Hobb3s writes: The guys at the Doom 9 forum. are marking February 11, 2007 as the day when digital rights management was defeated on Blu-ray and HD DVD discs. It turns out that cracking the high definition disc formats was much easier than was originally thought. The processing key that can unravel the DRM on all HD DVD and Blu-ray discs has been found by a clever encryption fighter named arnezami. Story
VE3OGG writes: "It would seem that after the recent Russian piracy debacle that could see a school headmaster jailed in a Siberian work camp for purchasing pirated copies of Windows for his school, the Ministry of Education in Russia has decided that using pirated software isn't worth the risk. Education Minister Nikolay Karpushin has said that the school boards will no longer be purchasing any commercial software, and will instead turn to Open Source software for their computing needs, including such products as an as-of-yet unmentioned localized Linux operating system, and OpenOffice office suite. Of course, not everyone is thrilled about the switch. Russian teachers are complaining that they know little about Linux and that they have no support staff to turn to when problems arise."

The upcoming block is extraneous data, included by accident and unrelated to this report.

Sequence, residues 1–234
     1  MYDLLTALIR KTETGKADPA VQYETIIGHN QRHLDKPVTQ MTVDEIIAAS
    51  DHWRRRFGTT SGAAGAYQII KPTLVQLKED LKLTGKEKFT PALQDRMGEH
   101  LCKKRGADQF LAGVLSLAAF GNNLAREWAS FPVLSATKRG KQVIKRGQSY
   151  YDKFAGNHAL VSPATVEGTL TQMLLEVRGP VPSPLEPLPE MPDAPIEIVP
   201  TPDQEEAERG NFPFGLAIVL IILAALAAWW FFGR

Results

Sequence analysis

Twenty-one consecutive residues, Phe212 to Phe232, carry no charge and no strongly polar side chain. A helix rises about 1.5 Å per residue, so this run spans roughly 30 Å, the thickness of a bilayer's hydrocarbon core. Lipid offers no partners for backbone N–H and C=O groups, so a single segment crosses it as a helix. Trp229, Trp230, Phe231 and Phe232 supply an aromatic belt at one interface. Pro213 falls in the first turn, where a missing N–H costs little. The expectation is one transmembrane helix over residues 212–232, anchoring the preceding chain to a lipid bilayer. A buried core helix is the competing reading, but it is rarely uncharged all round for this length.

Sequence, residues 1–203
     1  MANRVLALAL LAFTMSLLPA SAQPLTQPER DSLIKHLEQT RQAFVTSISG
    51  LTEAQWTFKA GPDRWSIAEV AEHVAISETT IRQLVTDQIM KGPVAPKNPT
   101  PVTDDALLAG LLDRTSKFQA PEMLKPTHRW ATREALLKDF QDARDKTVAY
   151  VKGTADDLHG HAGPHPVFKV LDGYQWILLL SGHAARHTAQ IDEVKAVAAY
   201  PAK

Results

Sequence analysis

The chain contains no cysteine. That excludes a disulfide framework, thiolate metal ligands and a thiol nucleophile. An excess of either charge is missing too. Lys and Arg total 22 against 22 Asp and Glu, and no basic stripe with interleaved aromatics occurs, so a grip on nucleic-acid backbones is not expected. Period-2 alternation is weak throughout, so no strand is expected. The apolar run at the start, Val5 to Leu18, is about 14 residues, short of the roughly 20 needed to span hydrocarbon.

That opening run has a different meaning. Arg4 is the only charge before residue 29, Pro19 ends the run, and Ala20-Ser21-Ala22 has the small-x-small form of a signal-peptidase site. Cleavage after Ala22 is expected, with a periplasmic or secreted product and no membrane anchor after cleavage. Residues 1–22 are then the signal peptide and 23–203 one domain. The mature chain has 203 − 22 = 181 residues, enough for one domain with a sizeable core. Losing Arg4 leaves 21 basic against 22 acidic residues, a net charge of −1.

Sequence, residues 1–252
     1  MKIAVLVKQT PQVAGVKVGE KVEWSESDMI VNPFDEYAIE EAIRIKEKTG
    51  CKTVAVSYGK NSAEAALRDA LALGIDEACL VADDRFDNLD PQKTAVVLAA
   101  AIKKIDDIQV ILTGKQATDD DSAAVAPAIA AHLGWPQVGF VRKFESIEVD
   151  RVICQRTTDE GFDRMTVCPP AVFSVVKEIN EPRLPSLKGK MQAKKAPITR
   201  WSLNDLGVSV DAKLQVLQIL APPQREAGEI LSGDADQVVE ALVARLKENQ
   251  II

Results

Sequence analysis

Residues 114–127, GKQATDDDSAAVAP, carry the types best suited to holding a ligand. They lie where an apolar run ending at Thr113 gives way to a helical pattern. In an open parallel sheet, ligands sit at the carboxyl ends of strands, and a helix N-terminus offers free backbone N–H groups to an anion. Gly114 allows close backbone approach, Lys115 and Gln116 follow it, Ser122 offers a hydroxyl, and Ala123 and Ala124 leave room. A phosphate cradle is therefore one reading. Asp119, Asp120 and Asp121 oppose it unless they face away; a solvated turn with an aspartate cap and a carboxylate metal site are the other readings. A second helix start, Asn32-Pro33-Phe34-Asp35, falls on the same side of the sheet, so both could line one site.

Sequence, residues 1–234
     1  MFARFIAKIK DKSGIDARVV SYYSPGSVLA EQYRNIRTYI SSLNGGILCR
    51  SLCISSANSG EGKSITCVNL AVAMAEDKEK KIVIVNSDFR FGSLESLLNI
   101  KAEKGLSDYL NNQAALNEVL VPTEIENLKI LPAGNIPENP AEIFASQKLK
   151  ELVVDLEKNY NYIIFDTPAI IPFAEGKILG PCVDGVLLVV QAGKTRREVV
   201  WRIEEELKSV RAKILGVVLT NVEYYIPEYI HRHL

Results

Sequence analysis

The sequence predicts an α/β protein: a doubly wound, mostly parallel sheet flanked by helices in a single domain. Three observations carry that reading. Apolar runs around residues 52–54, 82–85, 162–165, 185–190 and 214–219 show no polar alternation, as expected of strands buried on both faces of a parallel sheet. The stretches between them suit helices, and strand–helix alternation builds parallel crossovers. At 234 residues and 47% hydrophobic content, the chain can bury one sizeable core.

schestowitz writes: "Jeremy Allison of Samba Fame has recently left Novell in protest over the company's deal with Microsoft. BoycottNovell has had an interview with Jeremy — one that covers the events which preceded the deal, as well as the ways forward. From the interview: 'My guess is that the negotiations for the useful parts of the agreement (the virtualization part and the federated directory interoperability part) had, as Ron (Hovsepian) says, been going on for months and just before Novell wanted to seal the deal Microsoft turned up with "there's just this one more thing we want you to sign..." and in desperation to get the other parts of the deal done they rushed it through.'"